So the soldiers took charge of Jesus. Carrying his own cross, he went out to the place of the Skull (which in Aramaic is called Golgotha). Here they crucified him, and with him two others – one on each side and Jesus in the middle. (verses 16b-18)
Death by crucifixion is horrific torture. The victim was forced down on the ground, arms stretched out on the crossbeam which he had previously carried – now it would carry him. Arms were nailed to that beam then hoisted up together and jarringly attached to the vertical upright, already planted in place. One can imagine the excruciating pain, overlaid with utter shame and stark humiliation. Once in place, the legs would be crossed at the ankle, one long spike being driven through both, attaching them to the cross. A small ledge might be attached as a type of seat, giving partial support to the body and momentary relief, but ultimately prolonging the agony as the victim struggled again and again to push himself higher to gain another breath.
All of this is captured by one sparse phrase in John’s Gospel: “Here they crucified him.” Neither John nor any of the Gospel writers draws this out. It’s just stated plain and simple.
Oh, but how great the moment! The hour has come. The Son of Man is lifted up. The Lamb of God takes away sin. The Good Shepherd lays down life. A seed falls to the ground and dies. Love greater than all others is enacted as one sacrifices life for his friends. One man dies for the people.
This is the moment that John’s Gospel has been moving towards all along. When John testifies at the beginning, “We have seen his glory”, this is the moment par excellent he has in mind. Jesus is “lifted up,” and John views this as the moment he is “exalted”, the same word doubling for both. That’s John’s point. The cross reveals the glory of Jesus most clearly.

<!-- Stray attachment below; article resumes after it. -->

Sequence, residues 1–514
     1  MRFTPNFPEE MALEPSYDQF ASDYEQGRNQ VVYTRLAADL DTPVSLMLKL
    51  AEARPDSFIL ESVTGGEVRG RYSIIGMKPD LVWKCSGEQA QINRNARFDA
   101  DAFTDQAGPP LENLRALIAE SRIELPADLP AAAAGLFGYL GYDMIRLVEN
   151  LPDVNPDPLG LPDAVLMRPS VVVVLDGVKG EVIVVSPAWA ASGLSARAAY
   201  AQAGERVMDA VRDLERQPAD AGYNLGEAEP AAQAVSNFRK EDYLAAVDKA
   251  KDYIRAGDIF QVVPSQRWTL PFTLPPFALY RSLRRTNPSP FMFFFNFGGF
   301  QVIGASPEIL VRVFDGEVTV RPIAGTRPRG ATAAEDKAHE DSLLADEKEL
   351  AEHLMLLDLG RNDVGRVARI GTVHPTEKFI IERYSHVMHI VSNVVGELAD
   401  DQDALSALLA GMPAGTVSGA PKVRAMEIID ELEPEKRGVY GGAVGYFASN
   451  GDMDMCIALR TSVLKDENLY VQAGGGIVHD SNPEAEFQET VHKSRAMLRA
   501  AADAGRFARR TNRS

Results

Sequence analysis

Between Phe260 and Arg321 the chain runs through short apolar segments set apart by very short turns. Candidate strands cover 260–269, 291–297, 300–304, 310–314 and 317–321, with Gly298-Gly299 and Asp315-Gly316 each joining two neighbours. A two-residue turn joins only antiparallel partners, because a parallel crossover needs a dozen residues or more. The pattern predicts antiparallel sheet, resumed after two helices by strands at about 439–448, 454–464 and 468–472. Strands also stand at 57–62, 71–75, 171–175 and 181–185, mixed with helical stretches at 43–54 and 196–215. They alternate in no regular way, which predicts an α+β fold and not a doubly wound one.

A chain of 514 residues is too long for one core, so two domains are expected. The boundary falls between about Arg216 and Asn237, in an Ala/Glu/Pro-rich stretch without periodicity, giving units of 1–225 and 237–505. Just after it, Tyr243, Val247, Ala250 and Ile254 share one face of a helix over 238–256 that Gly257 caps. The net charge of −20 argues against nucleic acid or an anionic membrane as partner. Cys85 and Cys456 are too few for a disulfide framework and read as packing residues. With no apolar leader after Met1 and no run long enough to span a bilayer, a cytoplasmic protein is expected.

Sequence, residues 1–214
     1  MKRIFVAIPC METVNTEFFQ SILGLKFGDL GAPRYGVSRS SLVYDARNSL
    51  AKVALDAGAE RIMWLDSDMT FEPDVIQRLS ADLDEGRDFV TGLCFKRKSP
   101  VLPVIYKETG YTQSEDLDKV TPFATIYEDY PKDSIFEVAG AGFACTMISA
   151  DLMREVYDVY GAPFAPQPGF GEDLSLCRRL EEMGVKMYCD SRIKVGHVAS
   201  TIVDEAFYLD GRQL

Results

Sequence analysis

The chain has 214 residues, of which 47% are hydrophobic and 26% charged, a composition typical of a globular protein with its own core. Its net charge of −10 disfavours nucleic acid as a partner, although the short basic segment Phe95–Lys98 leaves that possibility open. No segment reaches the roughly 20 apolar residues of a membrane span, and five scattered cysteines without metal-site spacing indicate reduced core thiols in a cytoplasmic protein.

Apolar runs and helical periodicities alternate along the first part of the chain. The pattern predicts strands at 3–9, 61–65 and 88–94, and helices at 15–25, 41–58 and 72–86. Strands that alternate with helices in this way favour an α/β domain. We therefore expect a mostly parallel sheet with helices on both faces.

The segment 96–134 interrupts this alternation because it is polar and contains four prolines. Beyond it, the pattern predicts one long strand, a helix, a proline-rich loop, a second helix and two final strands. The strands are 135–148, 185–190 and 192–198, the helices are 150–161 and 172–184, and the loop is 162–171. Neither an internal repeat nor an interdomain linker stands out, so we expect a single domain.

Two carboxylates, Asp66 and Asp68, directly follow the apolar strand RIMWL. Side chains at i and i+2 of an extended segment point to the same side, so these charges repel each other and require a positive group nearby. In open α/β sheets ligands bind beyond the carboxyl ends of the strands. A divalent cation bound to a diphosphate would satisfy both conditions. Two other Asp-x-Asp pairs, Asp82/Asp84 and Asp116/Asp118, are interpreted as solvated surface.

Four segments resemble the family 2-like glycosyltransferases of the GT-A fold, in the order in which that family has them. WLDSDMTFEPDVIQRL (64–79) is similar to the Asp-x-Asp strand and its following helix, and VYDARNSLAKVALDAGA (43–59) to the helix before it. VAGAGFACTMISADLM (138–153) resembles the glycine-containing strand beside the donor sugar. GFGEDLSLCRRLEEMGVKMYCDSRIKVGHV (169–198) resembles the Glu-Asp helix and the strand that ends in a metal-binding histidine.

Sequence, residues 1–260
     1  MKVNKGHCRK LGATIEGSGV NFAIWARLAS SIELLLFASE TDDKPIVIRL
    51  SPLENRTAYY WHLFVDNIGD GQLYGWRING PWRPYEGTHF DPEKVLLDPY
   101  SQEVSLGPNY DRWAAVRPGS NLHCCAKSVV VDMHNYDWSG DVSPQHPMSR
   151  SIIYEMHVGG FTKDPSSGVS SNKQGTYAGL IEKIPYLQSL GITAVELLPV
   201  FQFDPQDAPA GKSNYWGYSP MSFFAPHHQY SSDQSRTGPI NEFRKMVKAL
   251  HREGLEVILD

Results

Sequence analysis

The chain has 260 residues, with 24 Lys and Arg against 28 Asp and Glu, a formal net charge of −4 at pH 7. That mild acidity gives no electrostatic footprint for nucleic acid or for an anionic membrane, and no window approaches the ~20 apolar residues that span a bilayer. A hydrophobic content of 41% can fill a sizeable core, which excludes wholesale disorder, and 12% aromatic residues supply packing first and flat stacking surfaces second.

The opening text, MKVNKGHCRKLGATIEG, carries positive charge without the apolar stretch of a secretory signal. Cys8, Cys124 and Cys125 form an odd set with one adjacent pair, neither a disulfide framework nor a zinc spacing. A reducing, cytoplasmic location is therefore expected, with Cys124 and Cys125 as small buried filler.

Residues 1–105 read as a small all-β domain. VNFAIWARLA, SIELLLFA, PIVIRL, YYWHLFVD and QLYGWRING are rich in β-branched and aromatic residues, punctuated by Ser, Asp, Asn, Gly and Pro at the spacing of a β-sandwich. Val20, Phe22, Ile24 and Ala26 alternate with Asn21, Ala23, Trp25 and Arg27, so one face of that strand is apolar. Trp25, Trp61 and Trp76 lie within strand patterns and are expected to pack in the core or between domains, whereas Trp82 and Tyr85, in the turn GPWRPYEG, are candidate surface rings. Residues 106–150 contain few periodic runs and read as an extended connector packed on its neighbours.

That glory is spotlighted by one further detail. Two others are crucified with him, one on either side. It’s likely that John sees this detail echoing the statement in Isaiah 53:12, prophesying that he would be “numbered with the transgressors”, tarred with the same brush, identified with sinners. Indeed, he was right “in the middle”, a position of complete identification. He had come into the world to “tabernacle among us” – now, on the cross, he’s right in the midst.
But more. That central position, in this brief vignette, with these two on either side, each having earned his own execution, puts the spotlight clearly on Jesus himself. It’s as if the two convicts provide the frame, focusing our attention on the one who’s most vital. “One on each side and Jesus in the middle.”
Such simple, sparse language. Carrying such weighty consequence. Describing the central moment of human history. The focus is all on Jesus.
Lord Jesus, you are the Suffering Saviour, the Lamb who takes away sin, the One who dies on our behalf. You have identified yourself with us. You have carried our transgressions. Thank you. Praise your name.
Reflect: Eyes on Jesus – that’s how John wants us to experience the cross. Pause right now to see him clearly. Reflect on all he accomplished there. Pause several times today and refresh the sighting.
Picture: Crucifixion. Andrea Mantegna, ca 1456-1459, Public domain, via Wikimedia Commons.